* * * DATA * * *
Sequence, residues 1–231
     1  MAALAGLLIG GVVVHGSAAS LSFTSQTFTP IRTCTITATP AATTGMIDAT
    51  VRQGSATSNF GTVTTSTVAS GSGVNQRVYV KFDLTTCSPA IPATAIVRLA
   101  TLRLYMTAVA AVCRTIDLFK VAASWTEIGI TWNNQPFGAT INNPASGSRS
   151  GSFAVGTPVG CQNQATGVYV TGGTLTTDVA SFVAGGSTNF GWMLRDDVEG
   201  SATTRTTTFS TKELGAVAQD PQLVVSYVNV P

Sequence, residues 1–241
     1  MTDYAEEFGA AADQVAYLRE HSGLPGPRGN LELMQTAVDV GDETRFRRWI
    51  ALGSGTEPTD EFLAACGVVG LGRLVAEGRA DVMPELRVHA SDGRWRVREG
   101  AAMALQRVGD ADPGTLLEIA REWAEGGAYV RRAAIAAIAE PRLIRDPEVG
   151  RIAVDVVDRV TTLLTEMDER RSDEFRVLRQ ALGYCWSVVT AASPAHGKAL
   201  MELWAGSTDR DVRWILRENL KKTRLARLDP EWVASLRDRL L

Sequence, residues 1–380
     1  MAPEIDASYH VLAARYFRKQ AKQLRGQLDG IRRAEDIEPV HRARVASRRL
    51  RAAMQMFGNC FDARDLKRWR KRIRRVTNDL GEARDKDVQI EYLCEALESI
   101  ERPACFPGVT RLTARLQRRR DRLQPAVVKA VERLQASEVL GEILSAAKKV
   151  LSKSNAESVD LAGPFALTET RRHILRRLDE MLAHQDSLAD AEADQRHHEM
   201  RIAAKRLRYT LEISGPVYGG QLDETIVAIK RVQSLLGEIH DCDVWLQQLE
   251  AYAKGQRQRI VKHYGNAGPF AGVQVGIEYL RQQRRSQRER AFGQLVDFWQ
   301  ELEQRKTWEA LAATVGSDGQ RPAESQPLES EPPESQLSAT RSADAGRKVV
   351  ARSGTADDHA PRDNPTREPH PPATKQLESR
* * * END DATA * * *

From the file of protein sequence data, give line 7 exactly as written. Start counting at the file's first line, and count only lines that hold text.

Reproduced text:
Sequence, residues 1–241